1

Correct me if I'm wrong.

So,

Ethernet technology is being primarily used in LANs. And we use PPP in serial links. To carry IP datagram, we can use either layer 2 technology, such as Ethernet, or we need some layer 2 protocol supporting IP like PPP, if there is no layer 2 technology being used. PPP is a data link layer protocol for two devices connected directly without any device between them according to Wikipedia.

1) Can I use PPP to connect to my router from PC? If no, then why?

2) Why I need PPPoE? Where it is used (in which situations)?

3) So PPP was created only for the situation if there is no layer 2 technology? So we could use PPP.

It will be wonderful if you give me detailed answers and additional informations if I misunderstand something.

2

1) Can I use PPP to connect to my router from PC? If no, then why?

That depends. If you have network interfaces in your PC and router that support PPP, then yes.

2) Why I need PPPoE? Where it is used (in which situations)?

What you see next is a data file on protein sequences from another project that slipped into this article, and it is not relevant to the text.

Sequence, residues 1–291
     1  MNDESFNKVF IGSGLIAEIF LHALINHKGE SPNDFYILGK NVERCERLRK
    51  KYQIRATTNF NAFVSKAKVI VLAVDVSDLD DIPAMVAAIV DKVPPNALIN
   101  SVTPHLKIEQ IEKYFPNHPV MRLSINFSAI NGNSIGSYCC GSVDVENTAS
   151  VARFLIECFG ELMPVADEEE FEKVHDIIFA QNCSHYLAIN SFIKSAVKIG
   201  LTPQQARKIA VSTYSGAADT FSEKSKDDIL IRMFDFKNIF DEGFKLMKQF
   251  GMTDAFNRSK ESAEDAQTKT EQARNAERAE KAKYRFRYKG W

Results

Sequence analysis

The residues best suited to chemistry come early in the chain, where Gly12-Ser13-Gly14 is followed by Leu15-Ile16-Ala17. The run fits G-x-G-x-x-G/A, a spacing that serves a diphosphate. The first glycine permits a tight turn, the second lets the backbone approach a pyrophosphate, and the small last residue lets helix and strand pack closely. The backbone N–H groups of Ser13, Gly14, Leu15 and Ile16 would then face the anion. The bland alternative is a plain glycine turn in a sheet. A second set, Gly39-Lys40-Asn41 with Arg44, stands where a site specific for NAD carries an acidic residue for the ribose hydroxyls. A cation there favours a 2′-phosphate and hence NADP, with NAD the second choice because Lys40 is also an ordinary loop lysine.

PPPoE is needed for a link where the other end is running PPPoE. For example, many ISPs offering xDSL will use PPPoE, so you must use PPPoE to connect.

3) So PPP was created only for the situation if there is no layer 2 technology? So we could use PPP.

That is incorrect. PPP is one data-link protocol. There are many others, such as HDLC, frame relay, ethernet, token ring, ARCNET, FDDI, Wi-Fi, ATM, etc.

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  • So, we can use either PPP or Ethernet depending on our desire or implementation? – pedal Feb 23 at 13:09
  • Not really. Ethernet interfaces only run ethernet. PPP is typically run on serial interfaces, although it can be encapsulated inside other data-link protocols if the OS allows it (must be able to set up virtual interfaces and encapsulation), but both ends need to support it (most business-grade routers can, but probably not on the LAN side for consumer-grade routers). For example, the original, and still often used, xDSL standard used PPPoA (PPP over ATM) on the WAN interface. Some ISPs have begun to use PPPoE (PPP over Ethernet). – Ron Maupin Feb 23 at 15:03
  • I got it. Thanks a lot – pedal Feb 23 at 15:17
0

The main point of using PPPoE is to have an authenticated session, a concept Ethernet by itself doesn't have. That allows an ISP to concentrate packets from many users in their backhaul network and sort out the sessions later on.

PPPoE is a variant of (serial) PPP, so you can use the exact same authentication scheme for xDSL and serial modem dial-in.

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  • So we use PPPoE when we have Ethernet implementation and we want some features which are provided by PPP (such as authentication)? – pedal Feb 23 at 13:12

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